Watch Paul Rhoads address a group of Iowa State football players after a big win, and there is little doubt that he is the leader in the room.

Rhoads, the head football coach at Iowa State University, has had his leadership ability on display in several highly viewed YouTube videos after improbable Cyclone victories.

Not everyone’s inspirational moments are quite as public as those of a football coach. Rhoads joins three panelists with well-developed leadership credentials on the Business Record’s Power Breakfast panel next week.

The Business Record talked to each of the panelists to get a better idea of their style of leadership and what influenced it.


What is your leadership style?

Paul Rhoads: I think that the responsibility of a leader is to elevate the people around him. I think I’m constantly trying – whether it’s with coaches or players – trying to make them all better in every facet on a daily basis.

Angela Franklin: I typically follow an approach that comes closest to what is in the literature about servant leadership, and I probably subscribe to that approach more than any other approach. The whole focus of servant leadership has to do with leaders being in the position of being of service to others, as opposed to being served. So it really is more of a hands-on, collaborative style of leadership.

Timothy Orr: My guiding principal in leadership would be what I call servant leadership. I think (that is) because I work for the public, and more importantly, I represent the men and women who are sons and daughters of people out in our communities. I think how that affects me is, leadership is a privilege that I think I have to re-earn every day. There is no expectation here that once appointed as a leader that you are good forever. I work every day trying to earn that respect and leadership.

Bill Leaver: Leaders are great leaders because they create followers. You create followers because you create credibility. How do you create credibility? You do that because people trust you to do the right thing. You are honest with them, and you’re fair. I’ve always been kind of guided by that mindset of, if I do the right thing and I communicate that, if people understand that I’ve been honest with them, and they believe I’m fair, then I will create credibility. And people will trust my leadership.


What has been the greatest influence on your style of leadership?

Rhoads: I think the greatest influence would be my parents and a whole host of coaches that I either played for, coached for or coached with. I think (former Drake University and Utah State University coach) Chuck Shelton, who is the first coach that I worked for, sticks out because he was a CEO before that particular style was popular. He ran the program. He didn’t coach anything. He ran the program. At an early age, that was good to see.

Franklin: I think I’ve had a number of mentors along the way. I think the person that probably had the most influence on me was the president of my alma mater, David Shi, (former) president of Furman University. I watched him during the time I served as a member of the board there. I think the approach that I saw in him in terms of how he led that institution was very similar to the approach that I adopted. Some of it is just instinctive; it’s me by nature. I really like to engage with people, like to get to know people. He had a similar interpersonal style that was probably just who he was.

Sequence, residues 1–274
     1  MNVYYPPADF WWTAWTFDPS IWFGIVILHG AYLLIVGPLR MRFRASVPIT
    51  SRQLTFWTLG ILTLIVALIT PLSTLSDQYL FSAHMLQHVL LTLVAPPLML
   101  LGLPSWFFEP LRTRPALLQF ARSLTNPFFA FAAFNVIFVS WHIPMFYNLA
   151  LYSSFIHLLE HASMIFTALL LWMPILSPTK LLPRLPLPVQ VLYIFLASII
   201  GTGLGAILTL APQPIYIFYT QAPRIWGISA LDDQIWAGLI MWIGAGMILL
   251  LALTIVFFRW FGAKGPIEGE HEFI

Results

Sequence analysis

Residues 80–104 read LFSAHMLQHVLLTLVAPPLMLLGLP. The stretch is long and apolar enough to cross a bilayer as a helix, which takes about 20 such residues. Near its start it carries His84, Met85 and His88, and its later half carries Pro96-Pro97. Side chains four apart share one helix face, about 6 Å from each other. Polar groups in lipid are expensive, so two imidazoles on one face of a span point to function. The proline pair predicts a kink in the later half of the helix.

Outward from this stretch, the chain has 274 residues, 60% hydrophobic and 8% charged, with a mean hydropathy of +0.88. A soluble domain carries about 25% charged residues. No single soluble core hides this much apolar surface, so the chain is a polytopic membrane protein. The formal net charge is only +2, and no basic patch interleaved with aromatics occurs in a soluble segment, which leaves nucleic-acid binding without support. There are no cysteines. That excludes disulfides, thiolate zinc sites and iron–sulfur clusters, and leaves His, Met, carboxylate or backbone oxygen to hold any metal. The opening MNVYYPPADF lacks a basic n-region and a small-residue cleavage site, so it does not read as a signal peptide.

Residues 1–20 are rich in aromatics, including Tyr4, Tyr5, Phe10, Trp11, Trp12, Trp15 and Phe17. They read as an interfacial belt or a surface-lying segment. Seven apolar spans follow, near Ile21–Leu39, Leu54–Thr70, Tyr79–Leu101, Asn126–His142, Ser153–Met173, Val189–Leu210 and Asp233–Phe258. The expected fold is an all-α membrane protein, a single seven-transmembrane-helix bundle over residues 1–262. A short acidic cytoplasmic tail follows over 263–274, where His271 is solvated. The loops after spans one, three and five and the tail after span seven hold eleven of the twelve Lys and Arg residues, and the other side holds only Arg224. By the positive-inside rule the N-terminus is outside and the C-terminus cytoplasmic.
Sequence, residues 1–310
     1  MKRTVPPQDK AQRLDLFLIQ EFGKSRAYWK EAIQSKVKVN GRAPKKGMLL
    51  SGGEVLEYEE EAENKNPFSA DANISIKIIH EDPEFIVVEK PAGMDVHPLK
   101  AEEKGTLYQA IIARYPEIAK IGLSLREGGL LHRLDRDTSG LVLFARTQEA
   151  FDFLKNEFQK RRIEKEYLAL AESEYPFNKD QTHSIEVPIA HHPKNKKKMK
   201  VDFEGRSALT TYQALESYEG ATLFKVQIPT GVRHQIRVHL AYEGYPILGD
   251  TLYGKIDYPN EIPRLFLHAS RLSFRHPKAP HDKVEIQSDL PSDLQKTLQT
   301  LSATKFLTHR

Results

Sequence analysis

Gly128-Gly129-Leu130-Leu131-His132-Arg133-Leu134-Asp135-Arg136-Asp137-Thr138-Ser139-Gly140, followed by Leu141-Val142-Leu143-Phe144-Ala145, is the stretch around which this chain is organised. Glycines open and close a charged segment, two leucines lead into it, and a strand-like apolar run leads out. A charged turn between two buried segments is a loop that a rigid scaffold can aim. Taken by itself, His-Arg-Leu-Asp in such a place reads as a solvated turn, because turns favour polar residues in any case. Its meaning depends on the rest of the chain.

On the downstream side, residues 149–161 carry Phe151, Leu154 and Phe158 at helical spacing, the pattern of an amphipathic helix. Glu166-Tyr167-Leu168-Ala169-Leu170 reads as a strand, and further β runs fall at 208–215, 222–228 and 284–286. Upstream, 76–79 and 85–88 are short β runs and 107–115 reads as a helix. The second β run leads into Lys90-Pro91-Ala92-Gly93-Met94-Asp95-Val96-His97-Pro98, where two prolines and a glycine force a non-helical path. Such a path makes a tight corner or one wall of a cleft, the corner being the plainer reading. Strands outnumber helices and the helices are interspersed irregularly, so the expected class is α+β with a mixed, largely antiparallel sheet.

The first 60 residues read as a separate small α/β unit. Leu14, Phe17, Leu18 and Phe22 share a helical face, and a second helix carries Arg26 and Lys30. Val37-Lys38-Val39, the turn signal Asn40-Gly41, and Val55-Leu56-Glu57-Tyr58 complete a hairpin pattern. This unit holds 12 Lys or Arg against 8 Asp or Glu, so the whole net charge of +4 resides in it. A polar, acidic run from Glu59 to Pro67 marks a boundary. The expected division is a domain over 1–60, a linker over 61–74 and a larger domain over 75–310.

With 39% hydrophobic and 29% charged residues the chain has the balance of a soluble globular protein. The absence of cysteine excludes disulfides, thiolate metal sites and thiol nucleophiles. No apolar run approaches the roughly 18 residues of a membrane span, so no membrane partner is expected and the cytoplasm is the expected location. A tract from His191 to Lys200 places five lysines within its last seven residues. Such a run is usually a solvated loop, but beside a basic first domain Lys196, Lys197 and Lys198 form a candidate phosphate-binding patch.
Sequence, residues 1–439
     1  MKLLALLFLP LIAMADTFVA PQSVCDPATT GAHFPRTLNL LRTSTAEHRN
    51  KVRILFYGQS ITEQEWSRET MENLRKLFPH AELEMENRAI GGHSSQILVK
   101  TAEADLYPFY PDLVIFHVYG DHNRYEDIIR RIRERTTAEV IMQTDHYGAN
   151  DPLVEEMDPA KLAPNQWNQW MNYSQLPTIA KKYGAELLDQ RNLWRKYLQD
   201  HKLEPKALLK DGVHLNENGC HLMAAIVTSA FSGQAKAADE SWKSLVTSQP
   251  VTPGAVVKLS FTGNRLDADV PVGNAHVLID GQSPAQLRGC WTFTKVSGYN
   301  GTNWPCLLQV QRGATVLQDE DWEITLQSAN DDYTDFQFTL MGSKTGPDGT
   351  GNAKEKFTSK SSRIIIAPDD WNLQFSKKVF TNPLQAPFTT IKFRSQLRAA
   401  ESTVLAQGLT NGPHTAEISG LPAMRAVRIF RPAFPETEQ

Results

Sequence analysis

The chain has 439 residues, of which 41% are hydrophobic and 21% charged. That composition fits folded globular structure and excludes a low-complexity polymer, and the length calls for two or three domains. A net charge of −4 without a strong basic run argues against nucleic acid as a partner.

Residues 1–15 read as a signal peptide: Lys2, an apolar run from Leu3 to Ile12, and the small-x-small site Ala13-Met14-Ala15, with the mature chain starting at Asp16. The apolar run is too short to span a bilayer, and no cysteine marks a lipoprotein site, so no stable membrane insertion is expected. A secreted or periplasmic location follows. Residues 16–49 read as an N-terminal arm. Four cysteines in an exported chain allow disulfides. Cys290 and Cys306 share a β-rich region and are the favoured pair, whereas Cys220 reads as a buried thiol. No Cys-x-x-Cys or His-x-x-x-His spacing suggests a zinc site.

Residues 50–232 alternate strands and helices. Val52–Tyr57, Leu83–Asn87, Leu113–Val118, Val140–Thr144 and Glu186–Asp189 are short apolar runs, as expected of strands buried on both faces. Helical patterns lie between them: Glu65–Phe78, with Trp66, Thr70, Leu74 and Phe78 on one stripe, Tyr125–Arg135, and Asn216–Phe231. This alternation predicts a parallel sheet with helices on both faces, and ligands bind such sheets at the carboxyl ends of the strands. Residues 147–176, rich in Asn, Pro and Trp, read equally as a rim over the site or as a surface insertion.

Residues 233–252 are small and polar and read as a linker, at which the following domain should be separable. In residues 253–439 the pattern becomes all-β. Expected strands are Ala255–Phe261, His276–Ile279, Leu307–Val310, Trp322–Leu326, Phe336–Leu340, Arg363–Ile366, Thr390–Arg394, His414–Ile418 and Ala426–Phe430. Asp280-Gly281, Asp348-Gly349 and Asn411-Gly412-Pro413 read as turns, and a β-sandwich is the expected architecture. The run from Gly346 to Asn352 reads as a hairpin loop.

Orr: It’s my past assignments and the fact that I grew up from a private through the noncommissioned officer ranks through the officer ranks. I’ve held almost every major rank in the Army. I think the past has shaped me for who I am today.

Leaver: I think experience. I’ve read a lot of books. You read about various leaders that we’ve had, political leaders and business leaders. You can read books on leadership, but I don’t think anything replaces doing it. And having the experience and having tough decisions to make, making those tough decisions and explaining them to people. That experience I think has taught me to be an even more effective leader. Learning and gaining that kind of experience has been very, very helpful.


What is one piece of advice you have for other leaders or aspiring leaders?

Rhoads: I think you have to observe. I don’t think it’s about constantly acting, and giving orders, so to speak. I think you’ve got to sit back and observe and see things and form your opinions, and move forward from there.

Franklin: I think the one thing that’s probably the most impactful is being a good listener. I think that’s something that people genuinely appreciate: a leader who is willing to hear and allow people to have an opportunity to be heard.

Orr: Set the example, live the values, live your organizational values. And do the work. From my perspective, I have a very unique position because I put men and women in harm’s way every day. From a leadership perspective, they expect me to set the example, to lead from the front and to do the right thing in both good and bad times. That means I have to be a leader of character.

Leaver: I think that the more that people can gain that experience, the better. You can gain that experience; you don’t necessarily have to have the title or the position. But leading a project, taking responsibility for a certain aspect of your company’s activity where you are put in a position of having to plan or lead or control what is going on in that particular activity.